1,165 Gallic coins were found scattered over the Bassing site. Credit : INRAP
In 2010 an Inrap team excavated a 3.5 hectare site in Bassing, in the Moselle department. This research was curated by the State (Drac Lorraine) in advance of the construction of the East-European high speed train line by the Réseau Ferré de France.
Occupied for one thousand years, from 200 BC to 800 AD, this site revealed a Gallic aristocratic establishment, a Gallo-Roman villa and several medieval buildings. Numerous weapons and an exceptional monetary deposit of 1165 Gallic coins attest alone to the power of the elites of Bassing.
An aristocratic and warlike site
Between 150 and 120 BC, a vast rural establishment was built in Bassing. A large quadrangular trench, 3 meters wide, with a talus and palisade, surrounded the habitat over one hectare. Inside the enclosure wooden buildings associated with an farm and a habitation were constructed. The ensemble survived until 14 AD.
The size of the farm, the size of its trenches and the richness of the artifacts illustrate the privileged status of the occupants. Among the jewelry, there were bracelets in cobalt blue glass and a bead in Baltic amber. 123 fibulae were also present, some of which were made at the site. Metalworking was thus one of the resources of this aristocratic site at which casting, spinning, weaving and shoemaking completed the resources provided through agriculture.
Among the drinking utensils, colanders associated with wine came from Italy. The wine, imported from the Mediterranean, was a real luxury product that was consumed in large quantities, as is shown by the discovery of numerous amphorae.
The Inrap archaeologists uncovered a large quantity of Gallic and Italian military artefacts: chariot parts, a combat axe, the dagger of a Roman legionary (a pugio), arrowheads, uniform ornaments, sandal nails, horse tack of the Roman cavalry and even the metal mouthpiece of a war trumpet.
Located in the territory of the Mediomatrici, between the oppida of Divodurum (Metz) Saverne, the site of Bassing thus belonged to an aristocrat whose power was linked not only to a large agricultural exploitation, but also to his warrior status.
The conquest of the Gauls does not appear to have affected the function of the site. During this troubled period, the establishment of Bassing remained stable and prosperous, with a dense and continuous population. In 27 BC, stone was replaced by wood for the construction of buildings in the rural establishment, still situated within the Gallic enclosure.
An exceptional monetary deposit: 1165 Gallic coins
The most remarkable find at this site is an exceptional monetary deposit of 1165 Gallic coins. This treasure has been dispersed over the site since the Middle Ages by successive plowing. The archaeologists thus gradually collected the coins during the excavation.
They are composed of 1111 silver coins, 3 gold coins and 51 bronze coins. All of them were issued during the 1st century BC, and the majority just after the Gallic Wars.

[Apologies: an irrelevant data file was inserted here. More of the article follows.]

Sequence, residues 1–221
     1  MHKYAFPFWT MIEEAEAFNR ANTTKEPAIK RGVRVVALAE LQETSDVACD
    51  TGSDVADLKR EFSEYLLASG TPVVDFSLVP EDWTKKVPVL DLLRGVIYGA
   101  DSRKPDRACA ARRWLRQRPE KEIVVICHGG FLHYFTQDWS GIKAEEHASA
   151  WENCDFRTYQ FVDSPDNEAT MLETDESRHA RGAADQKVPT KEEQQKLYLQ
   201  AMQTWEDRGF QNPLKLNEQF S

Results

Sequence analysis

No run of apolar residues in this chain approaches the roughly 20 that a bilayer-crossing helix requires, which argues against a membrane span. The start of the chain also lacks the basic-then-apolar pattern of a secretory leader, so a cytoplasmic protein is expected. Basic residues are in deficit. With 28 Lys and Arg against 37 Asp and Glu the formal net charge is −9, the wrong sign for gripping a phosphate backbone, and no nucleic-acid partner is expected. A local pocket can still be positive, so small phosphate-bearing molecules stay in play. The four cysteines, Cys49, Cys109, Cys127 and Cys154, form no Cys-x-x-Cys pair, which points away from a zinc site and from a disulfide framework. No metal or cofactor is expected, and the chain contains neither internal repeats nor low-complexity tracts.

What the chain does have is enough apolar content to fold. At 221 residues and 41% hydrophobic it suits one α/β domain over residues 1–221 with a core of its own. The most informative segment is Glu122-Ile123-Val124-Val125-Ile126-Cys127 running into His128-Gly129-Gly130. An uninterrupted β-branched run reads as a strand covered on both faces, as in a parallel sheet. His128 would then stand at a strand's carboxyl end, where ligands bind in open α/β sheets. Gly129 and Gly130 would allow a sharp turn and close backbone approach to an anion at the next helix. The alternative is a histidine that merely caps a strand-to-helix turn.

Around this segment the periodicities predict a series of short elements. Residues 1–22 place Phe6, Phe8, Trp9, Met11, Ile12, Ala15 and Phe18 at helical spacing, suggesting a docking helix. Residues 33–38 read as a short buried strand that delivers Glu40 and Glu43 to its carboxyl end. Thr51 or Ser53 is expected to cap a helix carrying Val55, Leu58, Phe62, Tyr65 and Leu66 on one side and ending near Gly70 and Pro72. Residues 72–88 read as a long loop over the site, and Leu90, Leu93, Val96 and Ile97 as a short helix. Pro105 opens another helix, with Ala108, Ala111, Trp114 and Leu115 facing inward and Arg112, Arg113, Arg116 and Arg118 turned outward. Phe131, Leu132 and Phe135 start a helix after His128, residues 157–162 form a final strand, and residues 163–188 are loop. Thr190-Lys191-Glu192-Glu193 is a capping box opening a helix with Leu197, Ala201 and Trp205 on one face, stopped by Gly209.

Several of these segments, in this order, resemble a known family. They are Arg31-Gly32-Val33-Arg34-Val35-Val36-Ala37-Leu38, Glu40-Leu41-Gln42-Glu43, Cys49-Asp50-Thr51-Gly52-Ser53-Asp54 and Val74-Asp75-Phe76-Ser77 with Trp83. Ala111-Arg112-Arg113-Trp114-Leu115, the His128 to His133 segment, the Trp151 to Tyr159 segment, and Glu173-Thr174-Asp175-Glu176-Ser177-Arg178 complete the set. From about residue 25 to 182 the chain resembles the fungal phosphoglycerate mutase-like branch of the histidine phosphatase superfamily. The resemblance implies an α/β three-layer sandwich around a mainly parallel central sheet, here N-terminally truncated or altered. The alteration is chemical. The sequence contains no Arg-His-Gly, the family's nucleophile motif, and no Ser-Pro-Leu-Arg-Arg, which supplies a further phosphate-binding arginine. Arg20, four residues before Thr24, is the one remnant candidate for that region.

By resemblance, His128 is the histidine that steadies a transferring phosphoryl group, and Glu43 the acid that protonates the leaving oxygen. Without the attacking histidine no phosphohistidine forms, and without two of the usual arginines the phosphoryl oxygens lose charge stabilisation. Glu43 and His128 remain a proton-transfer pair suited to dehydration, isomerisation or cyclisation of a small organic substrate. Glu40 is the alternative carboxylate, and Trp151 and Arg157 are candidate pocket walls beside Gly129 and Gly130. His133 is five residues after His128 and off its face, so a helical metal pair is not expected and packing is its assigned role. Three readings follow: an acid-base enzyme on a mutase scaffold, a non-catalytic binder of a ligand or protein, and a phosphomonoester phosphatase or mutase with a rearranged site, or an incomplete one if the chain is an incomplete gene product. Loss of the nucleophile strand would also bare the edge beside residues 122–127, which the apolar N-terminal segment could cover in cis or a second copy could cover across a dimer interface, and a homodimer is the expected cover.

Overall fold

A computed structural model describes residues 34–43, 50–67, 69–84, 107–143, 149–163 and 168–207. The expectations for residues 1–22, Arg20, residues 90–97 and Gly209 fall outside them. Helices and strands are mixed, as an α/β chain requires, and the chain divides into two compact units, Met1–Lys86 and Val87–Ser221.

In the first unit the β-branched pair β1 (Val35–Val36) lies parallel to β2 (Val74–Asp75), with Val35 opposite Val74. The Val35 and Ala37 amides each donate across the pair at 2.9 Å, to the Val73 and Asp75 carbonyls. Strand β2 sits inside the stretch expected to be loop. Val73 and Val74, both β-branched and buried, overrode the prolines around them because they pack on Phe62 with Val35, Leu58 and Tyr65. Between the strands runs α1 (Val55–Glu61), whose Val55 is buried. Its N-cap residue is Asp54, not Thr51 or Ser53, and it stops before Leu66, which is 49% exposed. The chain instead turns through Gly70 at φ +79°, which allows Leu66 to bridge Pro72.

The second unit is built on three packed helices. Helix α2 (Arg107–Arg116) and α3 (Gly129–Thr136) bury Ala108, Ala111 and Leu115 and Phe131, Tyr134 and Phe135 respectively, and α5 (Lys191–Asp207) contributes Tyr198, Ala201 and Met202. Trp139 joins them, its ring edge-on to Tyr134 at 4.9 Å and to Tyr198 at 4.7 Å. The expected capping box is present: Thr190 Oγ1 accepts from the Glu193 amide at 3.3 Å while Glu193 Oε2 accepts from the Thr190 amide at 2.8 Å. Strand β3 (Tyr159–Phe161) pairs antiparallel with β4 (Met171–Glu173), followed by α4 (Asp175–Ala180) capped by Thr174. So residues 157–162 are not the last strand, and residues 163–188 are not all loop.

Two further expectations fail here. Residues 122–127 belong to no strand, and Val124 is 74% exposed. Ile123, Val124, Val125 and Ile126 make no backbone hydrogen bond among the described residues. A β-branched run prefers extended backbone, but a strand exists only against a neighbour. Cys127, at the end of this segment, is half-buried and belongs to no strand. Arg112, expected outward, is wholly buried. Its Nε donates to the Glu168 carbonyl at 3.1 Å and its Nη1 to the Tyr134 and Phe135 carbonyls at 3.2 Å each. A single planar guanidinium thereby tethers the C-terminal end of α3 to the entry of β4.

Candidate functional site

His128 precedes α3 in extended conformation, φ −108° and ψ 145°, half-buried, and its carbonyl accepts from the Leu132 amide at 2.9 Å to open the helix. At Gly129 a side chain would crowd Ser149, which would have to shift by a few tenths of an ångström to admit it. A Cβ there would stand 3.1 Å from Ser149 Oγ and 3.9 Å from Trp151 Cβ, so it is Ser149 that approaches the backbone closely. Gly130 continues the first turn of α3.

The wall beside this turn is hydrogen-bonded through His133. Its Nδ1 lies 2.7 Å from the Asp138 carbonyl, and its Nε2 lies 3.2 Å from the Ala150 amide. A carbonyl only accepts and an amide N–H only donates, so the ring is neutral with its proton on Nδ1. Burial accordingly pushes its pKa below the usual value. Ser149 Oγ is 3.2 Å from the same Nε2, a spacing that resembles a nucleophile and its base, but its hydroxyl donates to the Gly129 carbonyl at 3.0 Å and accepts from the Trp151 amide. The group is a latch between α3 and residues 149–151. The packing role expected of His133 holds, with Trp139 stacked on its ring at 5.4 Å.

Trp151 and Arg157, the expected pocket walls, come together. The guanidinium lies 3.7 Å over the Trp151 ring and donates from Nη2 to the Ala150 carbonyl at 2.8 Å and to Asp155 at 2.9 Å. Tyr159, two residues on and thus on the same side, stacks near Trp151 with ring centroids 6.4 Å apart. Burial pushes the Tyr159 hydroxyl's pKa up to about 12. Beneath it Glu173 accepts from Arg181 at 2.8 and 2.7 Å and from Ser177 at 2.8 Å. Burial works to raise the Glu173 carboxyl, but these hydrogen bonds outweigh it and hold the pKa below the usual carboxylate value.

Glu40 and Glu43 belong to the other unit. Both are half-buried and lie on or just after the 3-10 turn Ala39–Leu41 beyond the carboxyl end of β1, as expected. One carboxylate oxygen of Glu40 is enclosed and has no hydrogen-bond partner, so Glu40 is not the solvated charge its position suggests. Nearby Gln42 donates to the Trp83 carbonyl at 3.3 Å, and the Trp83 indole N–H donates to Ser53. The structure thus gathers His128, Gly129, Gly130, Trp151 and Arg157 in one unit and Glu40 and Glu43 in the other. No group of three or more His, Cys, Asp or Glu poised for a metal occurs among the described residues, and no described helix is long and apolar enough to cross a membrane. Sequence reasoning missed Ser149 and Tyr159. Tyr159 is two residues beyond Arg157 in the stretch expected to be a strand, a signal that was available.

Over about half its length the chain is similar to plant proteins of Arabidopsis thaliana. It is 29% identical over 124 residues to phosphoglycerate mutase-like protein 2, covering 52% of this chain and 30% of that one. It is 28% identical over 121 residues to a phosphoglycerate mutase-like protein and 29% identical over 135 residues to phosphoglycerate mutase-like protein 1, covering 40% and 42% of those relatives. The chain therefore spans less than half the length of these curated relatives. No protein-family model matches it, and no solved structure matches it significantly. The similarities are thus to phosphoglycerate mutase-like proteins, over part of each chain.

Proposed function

One of the particularities of this treasure is that it includes silver coins. During this period, bronze coins and potins played a major role in daily exchanges, while silver was reserved for the payment of personnel linked to powerful positions. The three gold coins, which are very rare, are mediomatric, and thus local.
The two kilos of silver include different types of coins issued in several regions of Gaul. 74% of the lot originates from the Center-East of Gaul and belongs to the Sequani of Besançon, the Lingones of Langres and the Aedui of Bibracte or Autun. 14% originates from the peoples of Val de Loire, 7% from the Remi of Reims (from Belgian Gaul) and 3% from the Arverni of Clermont-Ferrand. Finally, a few specimens belong to the Segusiavi, a population near Lyon.
These coins are Gallic imitations of quinaries, a Roman silver coin with a diameter of less than 1.5 cm. North-eastern Gaul, nicknamed “the zone of the last Gaul” by numismats, distinguished itself after the conquest by the imitation of Roman coins. The last Gaul equals a half-denier (or quinaire) of the Roman Republic. This standard unit facilitated commerce between Rome and Gaul.
The money of war in a Romanized Gaul
One third of the Bassing treasure is composed of imitations with minting errors. Some representations of Gallic or Greco-Roman warriors, from helmeted Rome, have a crude style.
These imitations were usually made in a context of urgency. Between the 40’s and 30’s BC, lacking Roman deniers, such copies were made to pay the military contingents, including the auxiliary Gallic troops enlisted in the Roman army.
During the conquest, Cesar relied on part of the Gallic elite. This nobility widely adhered to the new Roman power. Local aristocrats and their contingent warriors then contributed to the different Roman conquests.
At the beginning of the Empire, the Bassing deposit equaled one and a half years of the salary of a legionary. This large sum of money could correspond to the funds of a chief mediomatrici to pay the salaries of his troop. As military leaders, local leaders, auxiliaries of the Roman conquests, the elites of Bassing benefited from a high social status, both before and after the conquest.